The zeal for engineering China’s rivers continues unabated among hydrologists. But will the latest proposal – to move water from Tibet to Xinjiang – get the backing of the authorities? Zhang Ke reports.

Chinese scientists have dreamed up yet another mega engineering scheme: to divert water from Tibet’s Yarlung Zangbo River, along a course that follows the Tibet-Qinghai railway line to Golmud, through the Gansu Corridor and, finally, to Xinjiang, in north-west China.

The man behind the proposal is Wang Guangqian, an academic at the Chinese Academy of Sciences and director of Tsinghua University’s State Key Laboratory of Hydroscience and Engineering. Although the Ministry of Water Resources has not given its support to the scheme, Wang insists it is “feasible”.

On June 3, Wang revealed that the authorities are considering a water-diversion plan for western China. He told reporters that, the previous day, Li Ruihuan – former member of the standing committee of the Political Bureau and chair of the Chinese People’s Political Consultative Conference (CPPCC) – had gathered Wang and others together to give and listen to presentations on the proposal. He said that everyone there was in agreement: “It is time for a water-diversion project in western China.”

It has previously been suggested that such a project could move 200 billion cubic metres of water a year – the equivalent of four Yellow Rivers. It would require core project finance of more than 200 billion yuan (US$30.9 billion) and be “an unprecedented undertaking in the history of the Chinese people.”

As to why it’s necessary, Wang explained that water usage has dramatically increased as a result of social and economic development on the lower reaches of the Yangtze River and Yellow River. Climate change and other factors are driving desertification, while water coming from the upper reaches of those rivers is decreasing (for more information on threats to the quality and supply of water in this region posed by factors including glacier-melt in the Himalayas, see chinadialogue’s report “The Waters of the Third Pole: Sources of Threat, Sources of Survival”). A survey by the Cold and Arid Regions Environmental and Engineering Institute found that, since the 1980s, the quantity of water flowing from the Yellow River above the city of Lanzhou, in north-western China, has fallen by an average of 13% a year. In 2002, it dropped 46%.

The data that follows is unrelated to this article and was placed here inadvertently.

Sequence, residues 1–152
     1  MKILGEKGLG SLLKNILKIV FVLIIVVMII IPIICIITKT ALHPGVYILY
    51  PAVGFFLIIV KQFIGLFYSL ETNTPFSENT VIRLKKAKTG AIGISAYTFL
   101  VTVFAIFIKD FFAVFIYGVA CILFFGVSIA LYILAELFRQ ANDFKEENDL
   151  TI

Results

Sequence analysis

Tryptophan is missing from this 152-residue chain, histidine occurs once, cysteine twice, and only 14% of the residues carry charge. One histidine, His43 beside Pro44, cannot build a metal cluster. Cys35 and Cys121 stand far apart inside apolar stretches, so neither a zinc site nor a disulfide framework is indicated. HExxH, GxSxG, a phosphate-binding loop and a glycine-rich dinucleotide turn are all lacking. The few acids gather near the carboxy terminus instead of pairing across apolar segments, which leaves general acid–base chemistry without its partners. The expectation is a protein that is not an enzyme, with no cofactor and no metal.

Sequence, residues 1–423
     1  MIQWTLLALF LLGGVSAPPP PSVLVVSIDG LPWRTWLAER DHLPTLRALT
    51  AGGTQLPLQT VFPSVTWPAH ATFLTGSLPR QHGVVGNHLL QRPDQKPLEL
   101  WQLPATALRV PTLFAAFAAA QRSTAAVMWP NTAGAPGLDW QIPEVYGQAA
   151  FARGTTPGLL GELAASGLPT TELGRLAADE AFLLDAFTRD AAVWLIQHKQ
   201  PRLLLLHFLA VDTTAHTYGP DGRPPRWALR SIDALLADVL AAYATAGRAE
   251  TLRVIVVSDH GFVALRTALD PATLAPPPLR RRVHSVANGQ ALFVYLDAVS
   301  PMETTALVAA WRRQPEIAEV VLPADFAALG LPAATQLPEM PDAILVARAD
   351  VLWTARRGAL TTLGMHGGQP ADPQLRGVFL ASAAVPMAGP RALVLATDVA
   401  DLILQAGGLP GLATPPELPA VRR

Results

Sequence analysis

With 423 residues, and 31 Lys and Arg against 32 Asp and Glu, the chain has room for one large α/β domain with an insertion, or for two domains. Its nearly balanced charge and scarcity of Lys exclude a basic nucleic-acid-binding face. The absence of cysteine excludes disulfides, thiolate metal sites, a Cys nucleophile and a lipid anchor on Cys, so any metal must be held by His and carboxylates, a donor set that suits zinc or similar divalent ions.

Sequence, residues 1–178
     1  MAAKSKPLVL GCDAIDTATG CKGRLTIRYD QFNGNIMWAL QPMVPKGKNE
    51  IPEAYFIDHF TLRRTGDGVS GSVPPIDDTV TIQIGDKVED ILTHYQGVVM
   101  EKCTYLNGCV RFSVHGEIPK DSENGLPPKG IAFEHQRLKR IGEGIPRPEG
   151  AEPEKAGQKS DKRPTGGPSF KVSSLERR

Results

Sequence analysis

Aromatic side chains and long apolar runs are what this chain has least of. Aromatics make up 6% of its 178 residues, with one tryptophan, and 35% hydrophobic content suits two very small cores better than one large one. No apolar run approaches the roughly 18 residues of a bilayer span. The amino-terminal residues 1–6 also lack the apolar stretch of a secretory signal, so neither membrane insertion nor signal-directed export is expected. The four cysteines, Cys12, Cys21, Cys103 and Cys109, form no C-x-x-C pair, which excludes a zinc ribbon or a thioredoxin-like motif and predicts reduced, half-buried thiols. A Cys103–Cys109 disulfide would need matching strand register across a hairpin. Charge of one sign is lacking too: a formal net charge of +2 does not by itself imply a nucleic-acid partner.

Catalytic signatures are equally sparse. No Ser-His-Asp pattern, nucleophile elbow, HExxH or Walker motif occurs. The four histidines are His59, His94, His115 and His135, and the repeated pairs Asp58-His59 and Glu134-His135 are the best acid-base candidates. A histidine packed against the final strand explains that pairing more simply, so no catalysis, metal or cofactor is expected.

In addition, grain-growing regions such as Henan in central China and Xinjiang in the north-west rely on large quantities of groundwater. To date, almost all major cities in a region bounded by Harbin to the north, Urumqi to the north-west, Shanghai to the east and Haikou to the south, have experienced subsidence due to groundwater extraction. “There’s no way that situation is sustainable,” said Wang. “But there is still potential to exploit the more plentiful water resources of the south-west.”

Figures from the Chinese Academy of Sciences show that rivers on the Qinghai-Tibet and Yunnan-Guizhou plateaus, including the Yarlung Zangbo, Nu and Lancang, carry between 637 billion cubic metres and 810 billion cubic metres of water out of China each year. Because little of the water in these rivers is used within China’s borders, most of it flows on to India and south-east Asia – where they become the Brahmaputra, Salween and Mekong, respectively.

Wang’s proposal is distinct from the South-North Water Transfer Project, another mega infrastructure scheme approved by the State Council in December 2002. Under that plan, a “western route” would “bring water from the Tongtian, Yalong and Dadu tributaries of the upper Yangtze to the Yellow River,” in order to relieve water shortages in the regions of Qinghai, Gansu and Ningxia.

However, I understand from the State Council’s South-North Water Transfer project office that, so far, no concrete plans have been formulated for the western route. Speaking at a party meeting on May 13, the head of that office, E Jingping, said: “There is currently a significant gap between preliminary work being done on the project and actual requirements. In particular, much more work is needed to explain the necessity, importance and feasibility of the project in the context of national sustainable development.”